We work and do business differently. Canadian consumers were moving online to purchase goods before the pandemic – for at least a decade, Internet consumer sales were rising at a faster rate than traditional retail sales. The pandemic added rocket fuel – almost all Canadians have access to the internet and we embraced electronic commerce amid the pandemic disruption in retail channels. Growth continues as more retailers invest in digital platforms to reach consumers. There’s still a long way to go — as a share of total retail, ecommerce accounts for just 13 per cent. Time will tell whether we’ll go back to physical shopping as we used to do it, or whether a new hybrid way of shopping – an outlet to see and touch the goods to be purchased online — will become the norm.

The composition of the workforce has changed, mostly because the worst hit sectors — travel, hospitality and entertainment – employed many more women in relatively lower-paying jobs. There’s no data yet to suggest that the gender pay gap has been worsened by the pandemic, but it can’t have helped. And there’s evidence that income inequality has been growing rapidly – during the first two years of the pandemic, income and wealth gaps were shrinking, as we all struggled to find our personal financial footing. Since then, the wealthiest Canadian households, with more savings to fall back on and greater ability to benefit from higher interest rates, have pulled ahead of the poorest both in terms of their share of the country’s total wealth and in terms of how much income they have left over to spend after essentials are paid for.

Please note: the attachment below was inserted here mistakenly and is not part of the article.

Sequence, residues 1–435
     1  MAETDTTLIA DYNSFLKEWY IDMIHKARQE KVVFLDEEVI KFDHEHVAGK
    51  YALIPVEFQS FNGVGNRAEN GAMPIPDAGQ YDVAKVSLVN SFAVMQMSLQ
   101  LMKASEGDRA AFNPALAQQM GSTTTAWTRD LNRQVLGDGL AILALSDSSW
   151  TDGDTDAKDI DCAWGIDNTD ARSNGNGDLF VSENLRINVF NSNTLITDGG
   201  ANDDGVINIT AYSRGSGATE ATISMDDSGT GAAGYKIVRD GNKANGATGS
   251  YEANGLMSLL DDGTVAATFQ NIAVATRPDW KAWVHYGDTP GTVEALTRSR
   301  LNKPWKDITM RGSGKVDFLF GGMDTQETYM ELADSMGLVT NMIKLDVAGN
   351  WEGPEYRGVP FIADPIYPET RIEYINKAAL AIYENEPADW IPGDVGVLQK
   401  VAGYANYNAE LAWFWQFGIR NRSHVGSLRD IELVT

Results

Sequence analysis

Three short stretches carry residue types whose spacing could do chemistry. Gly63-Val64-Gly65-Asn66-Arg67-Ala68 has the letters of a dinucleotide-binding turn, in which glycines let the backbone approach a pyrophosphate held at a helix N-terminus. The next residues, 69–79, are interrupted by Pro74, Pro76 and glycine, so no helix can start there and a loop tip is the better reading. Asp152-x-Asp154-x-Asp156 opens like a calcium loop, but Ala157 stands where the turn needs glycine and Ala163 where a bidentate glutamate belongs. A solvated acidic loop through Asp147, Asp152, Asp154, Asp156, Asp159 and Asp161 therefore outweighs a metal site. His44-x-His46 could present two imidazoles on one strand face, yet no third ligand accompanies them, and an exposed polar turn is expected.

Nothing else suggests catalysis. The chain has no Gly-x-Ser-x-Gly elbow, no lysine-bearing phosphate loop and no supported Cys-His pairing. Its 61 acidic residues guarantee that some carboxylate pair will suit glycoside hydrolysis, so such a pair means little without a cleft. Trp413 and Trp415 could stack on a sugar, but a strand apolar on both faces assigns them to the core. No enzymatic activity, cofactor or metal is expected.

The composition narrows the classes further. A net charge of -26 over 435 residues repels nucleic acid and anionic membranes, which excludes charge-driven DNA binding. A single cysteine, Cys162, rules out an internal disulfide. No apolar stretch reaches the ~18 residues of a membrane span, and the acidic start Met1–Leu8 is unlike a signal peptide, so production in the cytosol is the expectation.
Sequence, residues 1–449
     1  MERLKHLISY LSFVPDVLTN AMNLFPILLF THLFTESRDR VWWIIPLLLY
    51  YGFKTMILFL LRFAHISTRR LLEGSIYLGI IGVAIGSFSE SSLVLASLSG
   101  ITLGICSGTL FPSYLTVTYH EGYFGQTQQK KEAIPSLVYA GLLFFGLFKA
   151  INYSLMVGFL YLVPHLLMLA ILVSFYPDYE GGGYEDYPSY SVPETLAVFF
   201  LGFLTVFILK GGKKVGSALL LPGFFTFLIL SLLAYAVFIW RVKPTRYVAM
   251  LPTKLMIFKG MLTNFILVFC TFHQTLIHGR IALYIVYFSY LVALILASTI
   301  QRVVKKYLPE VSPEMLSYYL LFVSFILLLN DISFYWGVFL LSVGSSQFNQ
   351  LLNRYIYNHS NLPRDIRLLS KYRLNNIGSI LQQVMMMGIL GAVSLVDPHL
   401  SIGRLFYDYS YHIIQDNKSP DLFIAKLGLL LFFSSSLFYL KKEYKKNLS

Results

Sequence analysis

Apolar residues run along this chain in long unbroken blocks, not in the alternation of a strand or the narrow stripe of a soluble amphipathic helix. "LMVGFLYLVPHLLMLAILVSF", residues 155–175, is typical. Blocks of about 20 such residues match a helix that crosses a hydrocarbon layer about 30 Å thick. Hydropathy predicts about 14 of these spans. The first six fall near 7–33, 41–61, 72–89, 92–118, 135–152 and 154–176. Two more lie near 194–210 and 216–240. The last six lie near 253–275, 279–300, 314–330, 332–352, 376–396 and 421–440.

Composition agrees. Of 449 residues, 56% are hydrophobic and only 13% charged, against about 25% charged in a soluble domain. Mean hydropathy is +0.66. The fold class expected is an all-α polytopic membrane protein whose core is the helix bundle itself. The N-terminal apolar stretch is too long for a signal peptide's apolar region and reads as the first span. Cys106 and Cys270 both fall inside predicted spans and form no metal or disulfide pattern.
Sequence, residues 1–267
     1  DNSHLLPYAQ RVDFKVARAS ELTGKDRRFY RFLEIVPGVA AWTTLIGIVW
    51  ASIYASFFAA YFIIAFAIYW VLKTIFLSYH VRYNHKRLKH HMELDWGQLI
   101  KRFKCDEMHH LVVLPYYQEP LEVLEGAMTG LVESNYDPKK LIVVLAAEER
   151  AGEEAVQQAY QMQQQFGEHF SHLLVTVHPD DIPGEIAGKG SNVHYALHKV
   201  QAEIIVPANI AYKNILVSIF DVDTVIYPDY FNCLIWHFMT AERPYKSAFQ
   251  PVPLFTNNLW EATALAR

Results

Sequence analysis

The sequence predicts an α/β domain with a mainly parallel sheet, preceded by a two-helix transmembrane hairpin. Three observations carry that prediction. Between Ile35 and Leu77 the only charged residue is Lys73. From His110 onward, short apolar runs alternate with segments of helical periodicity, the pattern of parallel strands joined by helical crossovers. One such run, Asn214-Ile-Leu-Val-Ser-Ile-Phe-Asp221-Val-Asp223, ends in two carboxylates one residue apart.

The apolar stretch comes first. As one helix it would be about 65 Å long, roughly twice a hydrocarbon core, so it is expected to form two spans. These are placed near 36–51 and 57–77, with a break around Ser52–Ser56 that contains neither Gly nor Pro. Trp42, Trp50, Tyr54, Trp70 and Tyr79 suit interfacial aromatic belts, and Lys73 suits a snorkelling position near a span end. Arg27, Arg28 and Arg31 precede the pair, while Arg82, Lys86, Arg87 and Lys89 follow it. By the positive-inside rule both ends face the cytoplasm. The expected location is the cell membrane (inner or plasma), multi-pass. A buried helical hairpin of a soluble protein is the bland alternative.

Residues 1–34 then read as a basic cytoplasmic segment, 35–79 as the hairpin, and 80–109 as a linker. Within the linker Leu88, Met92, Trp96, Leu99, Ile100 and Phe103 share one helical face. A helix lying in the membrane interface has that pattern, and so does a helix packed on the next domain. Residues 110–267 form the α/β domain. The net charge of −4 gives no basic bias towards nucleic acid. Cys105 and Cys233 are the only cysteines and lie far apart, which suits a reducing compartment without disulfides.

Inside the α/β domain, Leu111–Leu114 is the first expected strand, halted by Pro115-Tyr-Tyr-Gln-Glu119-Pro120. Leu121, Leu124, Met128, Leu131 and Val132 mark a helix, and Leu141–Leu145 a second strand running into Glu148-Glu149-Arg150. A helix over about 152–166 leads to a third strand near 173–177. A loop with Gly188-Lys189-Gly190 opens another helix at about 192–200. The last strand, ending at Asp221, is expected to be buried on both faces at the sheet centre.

Not every business suffered during the pandemic. Essential retailers – grocers, pharmacists, discount stores – experienced unbelievably high sales volume as people stockpiled or simply bought more so that they could cook more at home. Advisors in financial institutions were busier than ever advising people on everything from mortgage deferrals to protecting their savings to reviewing their credit status.